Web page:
FREE VERSION: Access the case on lexisONE free case law. Click on tab for Free Case Law. Click on the radio button for Search by Citation. Enter this citation: 2011 Neb. LEXIS 91. Then click on the red button Search for Free. Note: If you haven't registered for free at lexisONE, you will be prompted to do so in order to access the free case law.

FULLY FEATURED VERSION: Lexis.com subscribers can read the fully featured case here. See generally Larson's Workers' Compensation Law, § 124.02.

OH: Employee Suffers No Compensable Loss of Sight in Connection with Corneal Transplant

Surgical removal and the replacement of an injured worker's cornea, following a work-related injury to her eye, did not entitle the worker to an award for total loss of vision, held the Supreme Court of Ohio recently.  Observing that the worker lost little vision as a result of the accident, with three doctors assessing her loss at 5 percent, the high court cited its decision from earlier in the summer, State ex rel. Baker v. Coast to Coast Manpower, L.L.C., 2011 Ohio 2721, 2011 Ohio LEXIS 1416 (June 9, 2011), and affirmed the decision of the court of appeals that had refused to award loss of use.

FREE VERSION: Access the case on lexisONE free case law. Click on tab for Free Case Law. Click on the radio button for Search by Citation. Enter this citation: 2011 Ohio LEXIS 2204. Then click on the red button Search for Free. Note: If you haven't registered for free at lexisONE, you will be prompted to do so in order to access the free case law.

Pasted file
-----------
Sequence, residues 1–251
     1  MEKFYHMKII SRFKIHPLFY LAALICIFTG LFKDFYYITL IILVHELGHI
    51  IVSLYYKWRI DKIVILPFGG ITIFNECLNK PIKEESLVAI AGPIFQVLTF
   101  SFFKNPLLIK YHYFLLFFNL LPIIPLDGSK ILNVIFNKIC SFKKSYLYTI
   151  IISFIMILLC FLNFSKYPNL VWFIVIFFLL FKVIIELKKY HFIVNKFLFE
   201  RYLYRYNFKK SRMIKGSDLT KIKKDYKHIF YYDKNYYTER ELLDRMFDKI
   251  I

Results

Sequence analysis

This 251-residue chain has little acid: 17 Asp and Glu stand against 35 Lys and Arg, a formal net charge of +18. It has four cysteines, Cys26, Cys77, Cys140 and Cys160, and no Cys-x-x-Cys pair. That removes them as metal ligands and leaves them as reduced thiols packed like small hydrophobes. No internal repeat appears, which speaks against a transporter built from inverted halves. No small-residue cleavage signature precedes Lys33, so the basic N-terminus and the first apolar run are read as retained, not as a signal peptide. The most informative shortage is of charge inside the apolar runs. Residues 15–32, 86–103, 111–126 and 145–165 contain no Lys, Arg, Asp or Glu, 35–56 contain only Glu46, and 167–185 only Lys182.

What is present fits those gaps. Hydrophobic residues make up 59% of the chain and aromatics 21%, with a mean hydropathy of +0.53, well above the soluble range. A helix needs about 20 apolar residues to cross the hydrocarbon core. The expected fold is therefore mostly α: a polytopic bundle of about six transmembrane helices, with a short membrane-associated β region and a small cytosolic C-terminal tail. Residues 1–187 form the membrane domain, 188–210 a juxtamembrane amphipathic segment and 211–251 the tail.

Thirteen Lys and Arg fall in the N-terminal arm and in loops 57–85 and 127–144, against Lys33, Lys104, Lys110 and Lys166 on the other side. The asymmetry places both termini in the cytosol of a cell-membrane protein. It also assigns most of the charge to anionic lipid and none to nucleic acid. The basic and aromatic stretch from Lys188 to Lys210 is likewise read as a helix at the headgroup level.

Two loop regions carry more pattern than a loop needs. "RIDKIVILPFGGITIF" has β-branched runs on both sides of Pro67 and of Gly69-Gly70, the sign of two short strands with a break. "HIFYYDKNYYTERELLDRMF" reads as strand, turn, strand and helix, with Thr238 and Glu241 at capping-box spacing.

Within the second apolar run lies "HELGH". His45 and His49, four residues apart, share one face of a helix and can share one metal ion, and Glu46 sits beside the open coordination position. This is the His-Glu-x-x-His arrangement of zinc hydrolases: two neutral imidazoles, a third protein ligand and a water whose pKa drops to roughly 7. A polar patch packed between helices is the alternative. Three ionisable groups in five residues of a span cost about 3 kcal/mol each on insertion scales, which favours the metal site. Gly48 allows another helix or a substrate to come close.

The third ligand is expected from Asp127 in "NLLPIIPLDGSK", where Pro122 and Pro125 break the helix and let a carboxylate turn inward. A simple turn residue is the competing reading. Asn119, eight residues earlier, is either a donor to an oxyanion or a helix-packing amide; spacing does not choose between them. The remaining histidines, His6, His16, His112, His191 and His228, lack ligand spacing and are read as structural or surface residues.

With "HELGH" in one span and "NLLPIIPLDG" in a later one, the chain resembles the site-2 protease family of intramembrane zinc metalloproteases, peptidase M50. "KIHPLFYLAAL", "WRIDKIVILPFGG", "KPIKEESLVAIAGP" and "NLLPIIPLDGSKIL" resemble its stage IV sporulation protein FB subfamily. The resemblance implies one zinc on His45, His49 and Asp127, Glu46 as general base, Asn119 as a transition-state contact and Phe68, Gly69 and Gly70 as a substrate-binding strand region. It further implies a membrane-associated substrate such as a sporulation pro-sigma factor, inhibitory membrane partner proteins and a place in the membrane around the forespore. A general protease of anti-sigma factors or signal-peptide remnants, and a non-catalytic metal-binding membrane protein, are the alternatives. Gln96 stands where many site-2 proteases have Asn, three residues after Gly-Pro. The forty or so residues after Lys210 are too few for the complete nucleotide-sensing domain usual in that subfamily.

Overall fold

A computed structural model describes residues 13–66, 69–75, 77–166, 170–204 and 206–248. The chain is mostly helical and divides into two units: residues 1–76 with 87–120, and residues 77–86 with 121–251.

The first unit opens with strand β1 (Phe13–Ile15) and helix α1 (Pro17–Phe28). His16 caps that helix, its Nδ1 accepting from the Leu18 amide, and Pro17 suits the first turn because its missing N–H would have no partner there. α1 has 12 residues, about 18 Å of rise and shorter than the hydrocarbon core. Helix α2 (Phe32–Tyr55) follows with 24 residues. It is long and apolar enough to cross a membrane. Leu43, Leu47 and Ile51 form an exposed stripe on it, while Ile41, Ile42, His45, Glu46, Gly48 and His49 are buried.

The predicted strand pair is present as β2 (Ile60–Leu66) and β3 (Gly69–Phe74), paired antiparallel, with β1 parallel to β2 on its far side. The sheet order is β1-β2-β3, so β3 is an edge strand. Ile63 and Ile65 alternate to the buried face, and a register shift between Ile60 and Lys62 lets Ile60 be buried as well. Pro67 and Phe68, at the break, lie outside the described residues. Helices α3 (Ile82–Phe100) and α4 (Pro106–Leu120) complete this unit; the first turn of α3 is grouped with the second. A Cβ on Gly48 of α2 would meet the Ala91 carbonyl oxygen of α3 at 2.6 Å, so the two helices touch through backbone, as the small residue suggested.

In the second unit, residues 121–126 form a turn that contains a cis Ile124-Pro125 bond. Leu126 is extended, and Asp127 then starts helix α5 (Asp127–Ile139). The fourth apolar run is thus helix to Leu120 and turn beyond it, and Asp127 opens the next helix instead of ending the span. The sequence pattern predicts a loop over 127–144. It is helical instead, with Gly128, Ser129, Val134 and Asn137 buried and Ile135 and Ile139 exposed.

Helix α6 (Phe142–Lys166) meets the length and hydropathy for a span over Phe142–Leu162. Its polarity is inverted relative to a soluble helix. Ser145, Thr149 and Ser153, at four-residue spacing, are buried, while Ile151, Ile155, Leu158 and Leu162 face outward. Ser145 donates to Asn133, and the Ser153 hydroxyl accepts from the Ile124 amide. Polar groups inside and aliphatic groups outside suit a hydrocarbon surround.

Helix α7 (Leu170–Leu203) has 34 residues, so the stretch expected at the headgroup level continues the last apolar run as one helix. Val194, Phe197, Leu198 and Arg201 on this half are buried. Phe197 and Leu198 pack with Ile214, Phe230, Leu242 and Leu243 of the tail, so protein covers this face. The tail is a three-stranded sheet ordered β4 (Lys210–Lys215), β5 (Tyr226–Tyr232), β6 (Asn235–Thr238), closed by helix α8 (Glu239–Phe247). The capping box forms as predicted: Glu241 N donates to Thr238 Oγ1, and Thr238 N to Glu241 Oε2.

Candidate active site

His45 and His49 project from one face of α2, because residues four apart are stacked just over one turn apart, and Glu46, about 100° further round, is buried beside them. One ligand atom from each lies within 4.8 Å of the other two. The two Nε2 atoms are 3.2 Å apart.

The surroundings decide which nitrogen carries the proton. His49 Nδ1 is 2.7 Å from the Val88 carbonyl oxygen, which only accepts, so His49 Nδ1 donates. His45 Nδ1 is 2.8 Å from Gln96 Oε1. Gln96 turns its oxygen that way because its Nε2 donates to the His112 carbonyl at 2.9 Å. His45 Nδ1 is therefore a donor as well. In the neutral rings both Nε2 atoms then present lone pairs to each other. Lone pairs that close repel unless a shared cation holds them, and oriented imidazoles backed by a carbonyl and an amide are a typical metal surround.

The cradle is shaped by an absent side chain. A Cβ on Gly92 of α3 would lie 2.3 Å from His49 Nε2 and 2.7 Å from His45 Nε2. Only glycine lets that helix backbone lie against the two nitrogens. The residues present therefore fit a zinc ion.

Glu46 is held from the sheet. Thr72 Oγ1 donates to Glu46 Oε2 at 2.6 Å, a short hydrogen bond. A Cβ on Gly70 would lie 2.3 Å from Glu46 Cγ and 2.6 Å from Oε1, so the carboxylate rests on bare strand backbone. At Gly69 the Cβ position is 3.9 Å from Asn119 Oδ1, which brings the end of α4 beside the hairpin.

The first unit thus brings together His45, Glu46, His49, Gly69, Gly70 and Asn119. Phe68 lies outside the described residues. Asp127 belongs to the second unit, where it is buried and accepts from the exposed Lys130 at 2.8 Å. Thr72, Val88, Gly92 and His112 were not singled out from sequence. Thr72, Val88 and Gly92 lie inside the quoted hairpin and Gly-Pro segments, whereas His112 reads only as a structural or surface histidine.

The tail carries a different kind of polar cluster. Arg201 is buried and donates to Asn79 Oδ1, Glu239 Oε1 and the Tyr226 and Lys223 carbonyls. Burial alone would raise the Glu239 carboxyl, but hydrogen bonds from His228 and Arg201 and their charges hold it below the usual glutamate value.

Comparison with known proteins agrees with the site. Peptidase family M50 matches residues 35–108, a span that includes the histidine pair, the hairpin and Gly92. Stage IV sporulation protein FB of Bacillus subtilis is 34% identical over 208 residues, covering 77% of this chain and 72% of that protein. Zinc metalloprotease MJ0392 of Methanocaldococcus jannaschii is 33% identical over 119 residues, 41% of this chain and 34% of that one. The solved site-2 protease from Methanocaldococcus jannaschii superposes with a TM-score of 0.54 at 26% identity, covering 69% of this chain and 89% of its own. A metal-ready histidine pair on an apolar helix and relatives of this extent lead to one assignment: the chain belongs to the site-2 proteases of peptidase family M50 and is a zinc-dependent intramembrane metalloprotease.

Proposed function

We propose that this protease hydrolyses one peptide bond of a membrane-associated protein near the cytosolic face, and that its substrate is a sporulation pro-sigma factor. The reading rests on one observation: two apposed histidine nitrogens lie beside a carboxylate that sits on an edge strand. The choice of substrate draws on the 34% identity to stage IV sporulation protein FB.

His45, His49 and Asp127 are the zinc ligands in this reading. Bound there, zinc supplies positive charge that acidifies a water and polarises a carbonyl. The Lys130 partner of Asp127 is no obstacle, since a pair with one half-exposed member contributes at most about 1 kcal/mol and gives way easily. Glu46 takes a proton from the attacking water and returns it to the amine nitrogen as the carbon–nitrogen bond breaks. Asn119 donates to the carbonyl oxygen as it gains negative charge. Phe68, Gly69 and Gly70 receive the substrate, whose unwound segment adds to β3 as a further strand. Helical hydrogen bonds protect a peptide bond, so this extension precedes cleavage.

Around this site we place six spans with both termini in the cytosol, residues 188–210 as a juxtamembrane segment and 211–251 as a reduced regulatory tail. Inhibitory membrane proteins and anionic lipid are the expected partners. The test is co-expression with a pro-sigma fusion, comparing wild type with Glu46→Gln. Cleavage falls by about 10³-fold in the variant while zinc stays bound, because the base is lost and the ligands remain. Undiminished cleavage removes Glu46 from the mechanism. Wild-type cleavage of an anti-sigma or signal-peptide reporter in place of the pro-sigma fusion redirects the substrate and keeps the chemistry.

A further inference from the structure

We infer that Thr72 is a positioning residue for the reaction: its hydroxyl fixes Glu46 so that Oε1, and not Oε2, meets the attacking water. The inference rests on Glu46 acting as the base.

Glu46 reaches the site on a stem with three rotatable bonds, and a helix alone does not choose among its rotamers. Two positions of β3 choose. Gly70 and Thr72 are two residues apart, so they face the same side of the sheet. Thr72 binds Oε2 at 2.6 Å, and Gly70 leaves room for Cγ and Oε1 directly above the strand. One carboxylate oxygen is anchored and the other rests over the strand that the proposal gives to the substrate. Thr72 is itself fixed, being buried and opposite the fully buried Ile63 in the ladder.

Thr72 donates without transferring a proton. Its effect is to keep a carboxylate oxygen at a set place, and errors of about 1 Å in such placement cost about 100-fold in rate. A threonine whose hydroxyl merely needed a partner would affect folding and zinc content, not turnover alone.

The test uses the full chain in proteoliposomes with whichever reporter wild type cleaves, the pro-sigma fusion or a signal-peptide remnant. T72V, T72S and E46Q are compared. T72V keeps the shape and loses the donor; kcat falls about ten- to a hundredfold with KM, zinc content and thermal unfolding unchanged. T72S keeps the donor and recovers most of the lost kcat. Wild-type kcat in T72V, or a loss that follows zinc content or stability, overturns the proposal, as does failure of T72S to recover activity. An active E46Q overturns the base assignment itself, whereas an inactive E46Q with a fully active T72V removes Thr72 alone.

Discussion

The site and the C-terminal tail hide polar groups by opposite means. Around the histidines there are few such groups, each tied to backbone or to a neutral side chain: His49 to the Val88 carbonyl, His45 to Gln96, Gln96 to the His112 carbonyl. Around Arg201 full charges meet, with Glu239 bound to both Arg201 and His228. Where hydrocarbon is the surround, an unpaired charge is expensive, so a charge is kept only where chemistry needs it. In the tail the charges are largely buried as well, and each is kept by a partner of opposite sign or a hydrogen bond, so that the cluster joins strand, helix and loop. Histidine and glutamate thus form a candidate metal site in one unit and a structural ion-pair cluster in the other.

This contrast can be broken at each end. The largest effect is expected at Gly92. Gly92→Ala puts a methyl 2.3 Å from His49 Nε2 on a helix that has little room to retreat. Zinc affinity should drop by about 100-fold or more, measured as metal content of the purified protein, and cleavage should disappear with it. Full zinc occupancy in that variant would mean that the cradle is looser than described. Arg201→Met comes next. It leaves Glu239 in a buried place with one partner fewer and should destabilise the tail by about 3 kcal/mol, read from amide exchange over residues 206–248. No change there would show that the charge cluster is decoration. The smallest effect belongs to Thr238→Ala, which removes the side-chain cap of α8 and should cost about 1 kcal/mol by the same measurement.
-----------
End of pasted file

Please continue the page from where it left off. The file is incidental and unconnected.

FULLY FEATURED VERSION: Lexis.com subscribers can read the fully featured case here. See generally Larson's Workers' Compensation Law, § 86.04.

US: Fifth Circuit Sends Louisiana RICO Case Back to Federal District Court, Reverses Prior Remand to State Court

Based on its conclusion that the plaintiff, a class composed of various Louisiana hospitals, failed in its burden to establish that the conduct of the sole local defendant, LEMIC Insurance Company, formed a significant basis of the claims of the potential class, the Fifth Circuit Court of Appeals recently vacated an order of a federal district court that had sent the case back to the Louisiana state courts and instead, remanded the matter to the federal district court.  The hospital group had sued three defendants in Louisiana state court for violations of the Louisiana Racketeering Act, contending in relevant part that one of the defendants, FairPay, a Texas bill review company, reviewed the bills from the plaintiff class and calculated a recommended payment well below the rate required by the Louisiana Workers' Compensation Act, and that the other two defendants, Zurich and LEMIC, insurance companies based in Illinois and Louisiana respectively, applied FairPay's recommended payment when reimbursing the plaintiff hospitals.  The plaintiff contended the defendants' practices amounted to an enterprise to misappropriate funds using FairPay's under-calculation scheme and violated Louisiana's RICO law.  The defendants removed the case to federal court, asserting jurisdiction under the Class Action Fairness Act ("CAFA"). The district court granted plaintiff's motion to remand to state court, and the defendants appealed.  The Fifth Circuit noted that nothing in plaintiff's complaint distinguished the conduct of LEMIC from the conduct of the other defendants.

FREE VERSION: Access the case on lexisONE free case law. Click on tab for Free Case Law. Click on the radio button for Search by Citation. Enter this citation: 2011 U.S. App. LEXIS 18520. Then click on the red button Search for Free. Note: If you haven't registered for free at lexisONE, you will be prompted to do so in order to access the free case law.

FULLY FEATURED VERSION: Lexis.com subscribers can read the fully featured case here. See generally Larson's Workers' Compensation Law, §§ 94.02, 100.03.

Source: Larson's Workers' Compensation Law, the nation's leading authority on workers' compensation law.